Header bidding: What’s all the fuss?

March 21, 2016
by Edric Chan – Director of Partnerships

Today in the world of programmatic, you can’t go a day without hearing the phrase “header bidding.” Suppliers want to implement it and buyers want to execute on it. But exactly what is it?

Most terms in the industry are easy to explain. Private marketplace, open auction, deal ID — we all have a common understanding of what they are and how to use them. But header bidding? Put two ad tech professionals in a room and ask if they can explain it. You’ll find that you quickly fall down a rabbit hole of ad stacks, waterfalls, and yield optimizers (to name a few).

The reason header bidding has generated such a stir is because it enables:

1. Certain buyers to have a “first-look” at available impressions.
2. Publishers to expose their inventory to allow the market to determine its worth.

But how is it different from what we do today? Traditionally, publishers sell inventory using a waterfall setup, where impressions are exposed to sales channels in a descending order. In a normal waterfall setup, agency/client direct-buy inventory is sold first. Then, publishers allocate the remaining inventory to one or more exchanges.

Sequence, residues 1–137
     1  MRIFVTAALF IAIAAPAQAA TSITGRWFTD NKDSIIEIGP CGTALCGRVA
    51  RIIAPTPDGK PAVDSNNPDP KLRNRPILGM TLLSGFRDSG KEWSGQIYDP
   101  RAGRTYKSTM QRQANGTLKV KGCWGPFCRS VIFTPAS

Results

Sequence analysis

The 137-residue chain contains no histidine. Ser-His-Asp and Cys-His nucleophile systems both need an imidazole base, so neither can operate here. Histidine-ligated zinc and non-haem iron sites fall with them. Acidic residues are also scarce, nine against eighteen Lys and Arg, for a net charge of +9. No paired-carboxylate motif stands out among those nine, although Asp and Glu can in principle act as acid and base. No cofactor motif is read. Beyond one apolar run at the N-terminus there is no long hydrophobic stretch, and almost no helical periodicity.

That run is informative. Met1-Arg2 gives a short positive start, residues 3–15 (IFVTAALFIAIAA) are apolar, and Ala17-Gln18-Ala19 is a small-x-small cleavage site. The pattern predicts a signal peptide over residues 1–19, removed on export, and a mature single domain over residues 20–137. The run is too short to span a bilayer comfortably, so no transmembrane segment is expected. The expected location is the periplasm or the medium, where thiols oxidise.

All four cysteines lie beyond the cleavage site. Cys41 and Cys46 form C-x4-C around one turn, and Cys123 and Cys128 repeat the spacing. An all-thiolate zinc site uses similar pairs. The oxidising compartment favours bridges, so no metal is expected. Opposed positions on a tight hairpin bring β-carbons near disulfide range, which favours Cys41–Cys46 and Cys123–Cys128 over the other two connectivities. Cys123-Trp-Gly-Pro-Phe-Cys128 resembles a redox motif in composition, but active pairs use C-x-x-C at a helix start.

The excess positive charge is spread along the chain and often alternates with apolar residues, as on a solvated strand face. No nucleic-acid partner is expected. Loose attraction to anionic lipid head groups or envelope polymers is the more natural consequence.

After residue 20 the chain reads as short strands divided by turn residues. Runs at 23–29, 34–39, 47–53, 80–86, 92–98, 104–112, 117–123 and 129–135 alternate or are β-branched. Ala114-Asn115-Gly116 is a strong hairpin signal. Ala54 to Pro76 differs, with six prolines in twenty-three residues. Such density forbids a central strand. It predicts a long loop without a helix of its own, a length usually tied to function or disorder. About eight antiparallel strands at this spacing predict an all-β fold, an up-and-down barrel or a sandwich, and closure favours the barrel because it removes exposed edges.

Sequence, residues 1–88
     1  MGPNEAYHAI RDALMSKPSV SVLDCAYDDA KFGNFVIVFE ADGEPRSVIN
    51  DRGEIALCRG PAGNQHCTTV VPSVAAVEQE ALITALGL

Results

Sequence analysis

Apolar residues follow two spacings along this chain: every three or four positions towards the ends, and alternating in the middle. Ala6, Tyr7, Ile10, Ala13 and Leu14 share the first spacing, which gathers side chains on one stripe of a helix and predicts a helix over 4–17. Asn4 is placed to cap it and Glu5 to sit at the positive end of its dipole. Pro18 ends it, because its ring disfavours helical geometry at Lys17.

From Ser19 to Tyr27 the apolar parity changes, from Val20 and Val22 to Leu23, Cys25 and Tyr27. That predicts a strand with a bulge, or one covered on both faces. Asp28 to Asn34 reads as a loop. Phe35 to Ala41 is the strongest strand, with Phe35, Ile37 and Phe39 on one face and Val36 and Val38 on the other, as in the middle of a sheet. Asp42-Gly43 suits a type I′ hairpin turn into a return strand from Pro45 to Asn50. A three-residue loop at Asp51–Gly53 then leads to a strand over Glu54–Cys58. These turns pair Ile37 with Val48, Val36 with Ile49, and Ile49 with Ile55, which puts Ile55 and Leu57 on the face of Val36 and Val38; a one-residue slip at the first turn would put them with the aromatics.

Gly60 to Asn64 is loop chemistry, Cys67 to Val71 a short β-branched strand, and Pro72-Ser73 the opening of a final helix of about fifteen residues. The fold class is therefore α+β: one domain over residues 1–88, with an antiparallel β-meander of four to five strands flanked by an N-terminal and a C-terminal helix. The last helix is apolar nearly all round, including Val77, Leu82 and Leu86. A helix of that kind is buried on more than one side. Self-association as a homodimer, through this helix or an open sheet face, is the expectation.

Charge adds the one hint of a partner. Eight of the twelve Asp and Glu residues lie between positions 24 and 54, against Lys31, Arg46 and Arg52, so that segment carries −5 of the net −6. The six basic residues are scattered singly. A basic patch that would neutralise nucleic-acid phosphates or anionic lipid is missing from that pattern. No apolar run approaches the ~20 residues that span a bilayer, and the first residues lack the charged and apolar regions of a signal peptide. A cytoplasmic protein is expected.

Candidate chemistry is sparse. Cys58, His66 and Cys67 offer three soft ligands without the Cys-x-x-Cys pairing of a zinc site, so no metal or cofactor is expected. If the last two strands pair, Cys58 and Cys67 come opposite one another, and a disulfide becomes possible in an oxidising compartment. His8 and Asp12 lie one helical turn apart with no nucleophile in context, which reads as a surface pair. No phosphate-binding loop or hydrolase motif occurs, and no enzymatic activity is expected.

Contrary to popular belief, the exchanges are chosen by using estimates and averages rather than an open auction model where several exchanges can bid on the available inventory to yield the highest revenue possible. Because the waterfall model holds back impressions from reaching their true value, publishers have become increasingly frustrated with it and have sought other solutions.

Header bidding circumvents the waterfall and goes straight to the buyers. To enable header bidding, publishers add code to their site’s pages which is read and bid on by demand sources before the ad server initiates the waterfall. When multiple exchanges are able to bid on the premium inventory, the prices of the inventory goes up, yielding higher revenue for the publisher. This process is not a final or even a long-term solution, but it does inch the industry closer to a true open auction marketplace.

As publishers and buyers continue to experiment with header bidding, its effectiveness and longevity will become clearer. At The Trade Desk, we remain vigilant in looking for the best opportunities to further the industry toward a true of an open exchange market and will continue to monitor header bidding. But for now, enjoy those cookie-rich impressions.

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